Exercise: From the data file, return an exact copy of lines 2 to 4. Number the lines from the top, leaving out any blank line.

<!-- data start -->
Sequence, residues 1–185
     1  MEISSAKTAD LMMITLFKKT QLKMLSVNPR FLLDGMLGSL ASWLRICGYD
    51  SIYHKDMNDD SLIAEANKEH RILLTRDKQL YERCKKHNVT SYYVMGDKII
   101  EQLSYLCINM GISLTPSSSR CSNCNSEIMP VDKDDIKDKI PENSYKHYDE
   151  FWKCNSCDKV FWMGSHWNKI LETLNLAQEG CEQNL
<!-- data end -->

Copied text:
     1  MEISSAKTAD LMMITLFKKT QLKMLSVNPR FLLDGMLGSL ASWLRICGYD
    51  SIYHKDMNDD SLIAEANKEH RILLTRDKQL YERCKKHNVT SYYVMGDKII
   101  EQLSYLCINM GISLTPSSSR CSNCNSEIMP VDKDDIKDKI PENSYKHYDE